If you need high accuracy distances, or "ground" distances, you need to convert your UTM "grid" distances (which you do indeed calculate via pythagorous) using a combined scale factor. This removes the distortion introduced by the combination of (a) reducing the horizontal distance at its elevated (above the ellipsoid) position on the earth and (b) projecting this length from the curved ellipsoid onto the flat map.
ground distance = grid distance / combined scale factor
combined scale factor = elevation scale factor * projection scale factor
It is the kind of conversion that land surveyors do often. UTM combined scale factor values typically range between approximately 0.999 and 1.001 but the actual values depend on how high you are above or below the ellipsoid (or datum) and on how far east or west you are from the UTM zone's standard lines.
The UTM projection scale factor can be calculated from a rather complicated formula or from look-up tables.
Note that for long lines (5km or more), use the Simpson rule for an average projection scale factor:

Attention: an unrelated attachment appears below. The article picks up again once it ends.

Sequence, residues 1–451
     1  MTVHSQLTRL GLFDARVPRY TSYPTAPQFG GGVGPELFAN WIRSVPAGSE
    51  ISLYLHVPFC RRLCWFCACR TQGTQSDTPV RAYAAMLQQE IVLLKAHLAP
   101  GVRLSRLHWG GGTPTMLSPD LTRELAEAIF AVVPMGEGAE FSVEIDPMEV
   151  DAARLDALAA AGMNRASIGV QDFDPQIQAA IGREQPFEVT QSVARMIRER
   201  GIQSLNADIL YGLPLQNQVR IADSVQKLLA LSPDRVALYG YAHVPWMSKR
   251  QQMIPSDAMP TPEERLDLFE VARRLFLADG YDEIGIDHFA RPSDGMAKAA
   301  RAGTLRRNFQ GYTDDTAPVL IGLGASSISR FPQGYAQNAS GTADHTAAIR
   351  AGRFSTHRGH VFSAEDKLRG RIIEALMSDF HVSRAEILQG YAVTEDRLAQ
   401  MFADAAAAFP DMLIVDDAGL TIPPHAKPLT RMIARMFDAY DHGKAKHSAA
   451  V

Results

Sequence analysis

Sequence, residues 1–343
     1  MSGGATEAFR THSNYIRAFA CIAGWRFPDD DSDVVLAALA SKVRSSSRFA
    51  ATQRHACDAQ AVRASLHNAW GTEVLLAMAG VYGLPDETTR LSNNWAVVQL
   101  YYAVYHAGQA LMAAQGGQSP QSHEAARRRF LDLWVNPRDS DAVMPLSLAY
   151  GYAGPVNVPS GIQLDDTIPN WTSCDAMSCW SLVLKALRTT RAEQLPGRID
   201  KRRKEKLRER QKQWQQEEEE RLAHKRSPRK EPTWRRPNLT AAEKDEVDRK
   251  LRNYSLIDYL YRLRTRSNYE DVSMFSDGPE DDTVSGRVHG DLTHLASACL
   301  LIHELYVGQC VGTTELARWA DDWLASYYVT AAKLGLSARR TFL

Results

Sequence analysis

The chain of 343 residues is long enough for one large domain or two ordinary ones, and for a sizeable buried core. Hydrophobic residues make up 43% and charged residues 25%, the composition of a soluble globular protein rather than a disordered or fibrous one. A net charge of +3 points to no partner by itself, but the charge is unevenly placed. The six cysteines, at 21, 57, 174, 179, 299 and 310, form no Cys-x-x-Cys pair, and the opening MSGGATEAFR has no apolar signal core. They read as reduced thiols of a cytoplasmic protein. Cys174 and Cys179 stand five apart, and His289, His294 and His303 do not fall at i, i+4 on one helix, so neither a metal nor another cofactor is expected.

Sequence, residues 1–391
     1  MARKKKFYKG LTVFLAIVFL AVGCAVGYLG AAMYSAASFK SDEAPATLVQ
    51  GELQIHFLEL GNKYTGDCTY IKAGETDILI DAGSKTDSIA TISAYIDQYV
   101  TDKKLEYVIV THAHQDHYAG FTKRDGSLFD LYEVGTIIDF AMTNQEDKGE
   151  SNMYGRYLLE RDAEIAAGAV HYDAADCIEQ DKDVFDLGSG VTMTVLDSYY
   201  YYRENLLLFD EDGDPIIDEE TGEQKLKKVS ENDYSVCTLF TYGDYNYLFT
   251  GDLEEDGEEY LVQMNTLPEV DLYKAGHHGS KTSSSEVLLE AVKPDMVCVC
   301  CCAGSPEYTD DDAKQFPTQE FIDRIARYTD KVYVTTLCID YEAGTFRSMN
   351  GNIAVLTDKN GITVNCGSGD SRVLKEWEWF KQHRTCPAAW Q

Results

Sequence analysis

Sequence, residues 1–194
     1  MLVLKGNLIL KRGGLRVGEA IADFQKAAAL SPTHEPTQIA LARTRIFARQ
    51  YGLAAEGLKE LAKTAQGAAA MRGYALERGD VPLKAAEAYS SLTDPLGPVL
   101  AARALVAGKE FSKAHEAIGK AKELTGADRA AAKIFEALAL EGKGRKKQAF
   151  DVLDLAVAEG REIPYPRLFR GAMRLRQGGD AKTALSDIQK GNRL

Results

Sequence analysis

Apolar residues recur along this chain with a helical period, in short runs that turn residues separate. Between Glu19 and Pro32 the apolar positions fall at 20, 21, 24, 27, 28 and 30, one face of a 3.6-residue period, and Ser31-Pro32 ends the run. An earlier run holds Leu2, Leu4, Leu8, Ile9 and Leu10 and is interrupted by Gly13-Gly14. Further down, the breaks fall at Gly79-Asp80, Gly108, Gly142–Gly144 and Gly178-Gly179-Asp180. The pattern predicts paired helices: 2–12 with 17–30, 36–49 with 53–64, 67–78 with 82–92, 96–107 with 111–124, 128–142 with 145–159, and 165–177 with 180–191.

S = (S1 + 4 Sm + S2) / 6
in other words, one sixth of each of the two end factors plus two thirds of the middle factor
Also note that the elevation scale factor is sometimes called a "sea-level" scale factor but it is a function of ellipsoidal elevation, h, which is the sum of height above the geoid (sea-level), H, and the geoid-ellipsoid separation, N:
h = H + N
Your height above the sea-level is found on topographic maps. Your geoid-ellipsoid separation is generally found in geodetic look-up tables -- there is no simple calculation for it.
The elevation scale factor, ESF is then
ESF = (R + h) / R
where R is the Earth's radius.
For references, please search books on surveying or geodesy or search for various of the above key terms.